Kokanee? Cold? Winter Fishing For Landlocked Sockeye Is Real

The following appears in the February issue of California Sportsman:

Dan Valdez is one of the diehard anglers braving chilly winter temperatures to target kokanee, usually a late-spring and summer attraction. “It’s generally near freezing or freezing when you get out there and you need to have the right clothing and the proper mindset to deal with the conditions,” he says. (DAN VALDEZ)

By Mark Fong

Yes, winter kokanee fishing in Northern California is really a thing.

Several years ago, I heard the faint rumblings that diehard kokanee anglers were braving the elements and being justly rewarded with good catches of fish during the dead of winter. As a relative newcomer to the ways of the kokanee, my on-the- water adventures have only taken place during the traditional season, which spans from late spring through the early fall.

Wanting to know more about the winter fishery, I reached out to my go- to kokanee guru, Dan Valdez. Valdez is the owner and proprietor of Draggin’ Flies by Dan (facebook.com/p/Draggin- Flies-by-Dan-100057077874828), premium hand-tied kokanee and trout trolling flies.


“Within the last five years or so, people have become aware that even though the prior season’s spawning kokanee are done, the 1- and 2-year- old fish hang back; those fish still need to continue to eat and survive and so they are accessible to catch,” Valdez says.

“I would say that Whiskeytown and Bullards Bar are the primary lakes where you can have success, although I do know of some other fisheries, like Berryessa and New Melones, where you can catch them as well.”

Valdez is a firm believer that social media is a big factor driving up the interest in winter kokanee. “So nowadays a guy goes out trolling and catches a nice bag of fish, and he posts on the internet,” he says. “Well, that didn’t happen 10 to 15 years ago. I think there are more people out trying winter kokanee because they hear that people are doing it and having success.”

Still, winter kokanee fishing is not for the faint of heart.

“The difference between summer and winter kokanee fishing is about 50 degrees,” jokes Valdez. “It’s generally near freezing or freezing when you get out there and you need to have the right clothing and the proper mindset to deal with the conditions. I’m one of those guys who has gotta fish as much as I can, so as long as the weather permits, I am gonna go fishing.”

Photo by Dan Valdez


While winter kokanee may be smaller in size relative to their summer cousins due to the growth cycle, they are challenging to catch, fight hard and make excellent table fare. With a few adjustments, you too can be on your way to success.

“Kokanee are like us: They need to eat every single day, whether or not the conditions are optimum,” says Valdez. “I think what they do is ride the thermocline in the areas that are most optimum for them and the zooplankton that they eat. I like to target fish where there is current or an influx of water. Points are good areas because they can congregate the plankton into pockets; it’s like a big old bowl of soup right there. The fish hang out on those points where the current and topography gathers all that food for them.”

“During the winter, the fish are less active than they are when the water is warmer in the summer,” Valdez adds. “They will not travel as far to chase and eat a lure. For example, in the summer, you may have your presentation down at 50 feet, but the fish are marking at 70 feet. Because of the temperature and the clear water, those fish have the ability to see your presentation and will chase it 20 feet. In the winter, those fish are less active and the water is generally not as clear. You must be way more precise with your presentation. If you are marking fish at 70 feet, you want to run your baits at 70 feet.”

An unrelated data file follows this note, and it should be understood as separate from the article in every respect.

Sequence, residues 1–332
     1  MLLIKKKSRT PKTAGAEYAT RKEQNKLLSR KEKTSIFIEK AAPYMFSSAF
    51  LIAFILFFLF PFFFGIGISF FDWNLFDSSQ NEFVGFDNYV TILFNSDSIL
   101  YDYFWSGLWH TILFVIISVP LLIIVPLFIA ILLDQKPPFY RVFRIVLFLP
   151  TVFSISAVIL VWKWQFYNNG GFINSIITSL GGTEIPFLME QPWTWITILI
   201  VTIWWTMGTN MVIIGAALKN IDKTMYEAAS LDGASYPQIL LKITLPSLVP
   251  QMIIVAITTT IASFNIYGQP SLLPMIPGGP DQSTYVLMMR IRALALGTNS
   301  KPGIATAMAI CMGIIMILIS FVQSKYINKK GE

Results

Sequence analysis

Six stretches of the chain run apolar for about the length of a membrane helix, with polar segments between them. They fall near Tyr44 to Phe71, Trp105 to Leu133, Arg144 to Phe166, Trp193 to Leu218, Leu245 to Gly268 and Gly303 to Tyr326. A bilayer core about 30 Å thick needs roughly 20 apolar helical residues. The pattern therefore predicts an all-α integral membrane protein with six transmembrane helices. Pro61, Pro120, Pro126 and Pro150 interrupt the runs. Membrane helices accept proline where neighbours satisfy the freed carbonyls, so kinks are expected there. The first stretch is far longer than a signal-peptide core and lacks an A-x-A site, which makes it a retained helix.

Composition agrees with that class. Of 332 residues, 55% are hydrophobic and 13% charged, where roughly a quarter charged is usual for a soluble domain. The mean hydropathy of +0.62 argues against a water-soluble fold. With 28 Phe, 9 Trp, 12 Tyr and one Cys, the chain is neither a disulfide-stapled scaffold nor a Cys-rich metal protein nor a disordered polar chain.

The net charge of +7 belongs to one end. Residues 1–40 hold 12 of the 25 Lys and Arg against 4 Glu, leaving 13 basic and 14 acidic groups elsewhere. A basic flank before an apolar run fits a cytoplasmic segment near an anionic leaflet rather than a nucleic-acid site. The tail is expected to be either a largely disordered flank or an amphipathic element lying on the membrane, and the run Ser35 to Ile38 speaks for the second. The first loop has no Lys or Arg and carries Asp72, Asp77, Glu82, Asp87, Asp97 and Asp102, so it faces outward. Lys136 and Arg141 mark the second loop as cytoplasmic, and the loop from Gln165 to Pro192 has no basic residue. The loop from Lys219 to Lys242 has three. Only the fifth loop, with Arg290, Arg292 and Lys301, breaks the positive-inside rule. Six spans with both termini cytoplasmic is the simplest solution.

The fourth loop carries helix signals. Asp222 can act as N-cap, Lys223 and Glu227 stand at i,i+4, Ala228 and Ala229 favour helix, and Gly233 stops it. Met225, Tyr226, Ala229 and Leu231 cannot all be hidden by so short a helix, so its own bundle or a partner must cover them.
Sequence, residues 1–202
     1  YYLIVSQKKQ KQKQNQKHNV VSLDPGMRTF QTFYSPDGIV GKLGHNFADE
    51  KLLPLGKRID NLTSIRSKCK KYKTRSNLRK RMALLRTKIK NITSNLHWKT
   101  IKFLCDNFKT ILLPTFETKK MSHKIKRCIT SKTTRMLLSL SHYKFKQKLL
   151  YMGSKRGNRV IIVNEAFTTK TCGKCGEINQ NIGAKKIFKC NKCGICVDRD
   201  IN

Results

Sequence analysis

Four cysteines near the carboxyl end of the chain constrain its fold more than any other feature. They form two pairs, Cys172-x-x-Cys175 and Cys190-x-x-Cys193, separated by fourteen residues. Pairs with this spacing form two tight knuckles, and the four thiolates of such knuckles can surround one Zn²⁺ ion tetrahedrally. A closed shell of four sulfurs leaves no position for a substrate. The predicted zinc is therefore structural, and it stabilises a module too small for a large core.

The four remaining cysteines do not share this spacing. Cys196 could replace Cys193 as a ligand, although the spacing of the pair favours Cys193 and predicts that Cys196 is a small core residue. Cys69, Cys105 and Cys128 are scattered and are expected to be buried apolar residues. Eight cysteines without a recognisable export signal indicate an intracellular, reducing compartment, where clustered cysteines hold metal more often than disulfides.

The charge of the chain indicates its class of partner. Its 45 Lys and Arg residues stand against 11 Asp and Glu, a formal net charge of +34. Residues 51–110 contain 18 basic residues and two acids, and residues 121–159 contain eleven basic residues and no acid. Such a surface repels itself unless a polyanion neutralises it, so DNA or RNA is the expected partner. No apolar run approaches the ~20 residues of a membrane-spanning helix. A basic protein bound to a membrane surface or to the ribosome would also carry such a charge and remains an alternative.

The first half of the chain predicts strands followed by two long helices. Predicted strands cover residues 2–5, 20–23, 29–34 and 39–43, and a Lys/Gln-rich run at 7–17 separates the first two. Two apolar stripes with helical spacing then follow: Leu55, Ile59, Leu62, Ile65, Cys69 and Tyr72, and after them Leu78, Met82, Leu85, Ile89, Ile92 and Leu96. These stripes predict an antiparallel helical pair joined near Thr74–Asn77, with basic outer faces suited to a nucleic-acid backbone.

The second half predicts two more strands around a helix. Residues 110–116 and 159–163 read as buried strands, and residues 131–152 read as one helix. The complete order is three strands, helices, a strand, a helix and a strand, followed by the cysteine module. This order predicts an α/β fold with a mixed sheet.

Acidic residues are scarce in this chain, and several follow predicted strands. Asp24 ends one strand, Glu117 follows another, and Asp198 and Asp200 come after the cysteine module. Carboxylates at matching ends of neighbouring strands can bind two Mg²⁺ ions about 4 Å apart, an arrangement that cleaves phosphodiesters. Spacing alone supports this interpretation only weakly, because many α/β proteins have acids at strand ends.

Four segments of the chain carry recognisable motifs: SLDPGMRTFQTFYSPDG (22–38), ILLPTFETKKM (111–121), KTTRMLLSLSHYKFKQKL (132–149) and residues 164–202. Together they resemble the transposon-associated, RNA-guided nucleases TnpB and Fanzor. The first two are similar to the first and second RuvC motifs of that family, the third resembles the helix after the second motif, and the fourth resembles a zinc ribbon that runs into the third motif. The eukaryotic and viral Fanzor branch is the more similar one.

Bullards Bar Reservoir, a Yuba County fishery in the Sierra Foothills, is one of four good options to catch feisty and tasty kokanee this time of year. (MARK FONG)


According to Valdez, trolling speed is another important variable. If your presentation is not right in the fish’s face, they’re probably not gonna strike. This time of year he limits his trolling speed to 1.0 to 1.4 mph.

“If you have good electronics and you are running your rigs at the proper depths, then do not troll in a straight line,” Valdez says. “Kokanee are notorious for just tracking your presentation. Make some sort of movement: zigzag, figure eights, circle. The idea is to create an erratic change of direction, which is an effective method to trigger them to strike and will increase your overall bite rate.”

Tim Hill caught this nice Bullards Bar kokanee while fishing with Valdez, who says anglers have become more aware of the winter fishery over the past five years or so. (DAN VALDEZ)

Valdez also advises that if you find a group of fish in the winter, one of the worst things you can do is to leave them. Unlike summer, when plankton is distributed very evenly, kokanee congregate in big groups. These are akin to big giant highways, where you can see school after school after school.

In the winter, it is just not that way, as the water temperature and currents work together to create areas where plankton is concentrated in very specific locations. When you find a significant group of fish, work them until they stop biting or disappear altogether. In the summer, you may find four or five schools in a cove, whereas in the winter it is more likely that you find a group of 50 to 100 fish, but if you go 100 yards there will be no fish there.

If you love kokanee and have not pursued them during the offseason, it’s not too late to join the party. CS